Today’s Community Economic Development committee meeting, where we expected to hear a presentation of participatory budgeting, was postponed at the last minute due to the imminent delivery of the Chauvin verdict. It is supposed to be rescheduled sometime during the next week.
The CPC remains concerned that the Seattle Police Department’s use of force and crowd control policies do not do enough to keep protesters and other members of the community safe. Since 2017, we have recommended dozens of changes to these policies, including banning tear gas and blast balls, creating protections for protest medics, and instituting higher standards for when police can declare protests to be unlawful. Just this January, we gathered feedback from the community and held a town hall that helped the CPC make 15 additional, community-based recommendations
in this area. Many of these recommendations remain unimplemented.
We were not aware of SPD’s press release. However, if they are interested in better protecting our community by instituting changes to their crowd management policies – we remain ready to work with them to immediately implement the CPC’s recommendations.
Similarly, the average score citywide on the police legitimacy scale was 58.4, down slightly from 59.3 the year before. But if you look at the East Precinct, that number drops to 50.4; in 2019, it was 55.5. Going even further, Capitol Hill’s score was 48 and the Central Area’s 47.1 in 2020, signaling less trust of police in these communities.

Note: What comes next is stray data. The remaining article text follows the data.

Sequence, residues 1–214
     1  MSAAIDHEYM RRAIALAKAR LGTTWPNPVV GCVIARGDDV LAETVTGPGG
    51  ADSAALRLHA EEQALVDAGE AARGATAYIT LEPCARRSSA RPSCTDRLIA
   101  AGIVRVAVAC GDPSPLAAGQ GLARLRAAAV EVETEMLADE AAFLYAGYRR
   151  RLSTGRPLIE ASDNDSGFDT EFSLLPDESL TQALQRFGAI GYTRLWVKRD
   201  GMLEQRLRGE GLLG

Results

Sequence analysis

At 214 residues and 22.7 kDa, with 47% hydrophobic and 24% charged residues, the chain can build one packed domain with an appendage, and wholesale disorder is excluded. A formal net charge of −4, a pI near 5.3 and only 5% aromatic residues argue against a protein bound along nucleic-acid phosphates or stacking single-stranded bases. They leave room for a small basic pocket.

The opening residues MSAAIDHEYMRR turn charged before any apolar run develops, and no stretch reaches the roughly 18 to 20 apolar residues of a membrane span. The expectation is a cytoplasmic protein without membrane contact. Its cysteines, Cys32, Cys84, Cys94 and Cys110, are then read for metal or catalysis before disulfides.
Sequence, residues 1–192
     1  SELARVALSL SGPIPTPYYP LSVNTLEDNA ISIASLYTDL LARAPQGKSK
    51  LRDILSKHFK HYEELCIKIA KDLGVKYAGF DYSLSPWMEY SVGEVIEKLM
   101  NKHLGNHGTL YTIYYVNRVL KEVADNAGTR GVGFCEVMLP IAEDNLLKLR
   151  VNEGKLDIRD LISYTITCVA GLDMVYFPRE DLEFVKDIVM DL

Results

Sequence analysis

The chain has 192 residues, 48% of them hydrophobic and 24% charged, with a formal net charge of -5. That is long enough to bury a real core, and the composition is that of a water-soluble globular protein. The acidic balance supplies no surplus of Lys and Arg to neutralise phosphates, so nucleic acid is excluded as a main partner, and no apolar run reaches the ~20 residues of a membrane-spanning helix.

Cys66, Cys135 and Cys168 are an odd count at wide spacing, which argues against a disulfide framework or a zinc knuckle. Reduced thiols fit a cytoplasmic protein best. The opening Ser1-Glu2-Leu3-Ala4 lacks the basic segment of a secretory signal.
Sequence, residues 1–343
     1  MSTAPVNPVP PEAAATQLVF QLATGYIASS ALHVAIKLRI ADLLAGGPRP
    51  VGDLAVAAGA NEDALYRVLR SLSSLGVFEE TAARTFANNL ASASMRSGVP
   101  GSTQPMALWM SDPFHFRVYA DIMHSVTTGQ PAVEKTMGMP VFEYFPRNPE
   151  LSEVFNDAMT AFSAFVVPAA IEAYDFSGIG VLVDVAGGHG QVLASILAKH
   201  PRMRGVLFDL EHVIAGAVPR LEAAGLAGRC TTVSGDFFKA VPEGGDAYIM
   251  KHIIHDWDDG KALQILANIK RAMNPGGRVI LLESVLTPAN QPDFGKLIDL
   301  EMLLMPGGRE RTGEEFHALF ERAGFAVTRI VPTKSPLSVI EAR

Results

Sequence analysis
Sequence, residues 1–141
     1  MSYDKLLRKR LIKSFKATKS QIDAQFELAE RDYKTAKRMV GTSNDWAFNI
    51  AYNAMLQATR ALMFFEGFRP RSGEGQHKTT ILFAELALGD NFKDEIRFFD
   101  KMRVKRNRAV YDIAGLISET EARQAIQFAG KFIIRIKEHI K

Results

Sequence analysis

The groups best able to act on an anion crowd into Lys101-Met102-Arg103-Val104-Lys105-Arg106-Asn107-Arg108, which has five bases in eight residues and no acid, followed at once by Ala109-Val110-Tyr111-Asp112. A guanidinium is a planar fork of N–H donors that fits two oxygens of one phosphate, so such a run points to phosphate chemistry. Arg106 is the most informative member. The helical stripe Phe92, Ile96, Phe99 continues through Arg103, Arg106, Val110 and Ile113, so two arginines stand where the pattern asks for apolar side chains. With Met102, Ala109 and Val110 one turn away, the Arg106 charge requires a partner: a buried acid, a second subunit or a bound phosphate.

Meanwhile, a more prosperous neighborhood like Madison Park scored 72.1 on the police legitimacy scale, indicating that residents there feel police to be more fair and trustworthy.
As we continue to move further into election season, it’s important to remember one of the deciding factors of the Seattle primaries will be who and how many turn out to vote on August 3.
Nathalie Graham wrote an insightful piece about Nikkita Oliver
, one of the candidates for City Council Seat 9. About policing in Seattle, Oliver says, “"I think we have spent a lot of years talking about changing the culture of policing…. There is no reforming policing as we know it. There is dismantling and building the public health and public safety system.” They go onto discuss how their platform about housing, transportation, health care, and child care creates their vision of what public safety can be.
Thank you for reading!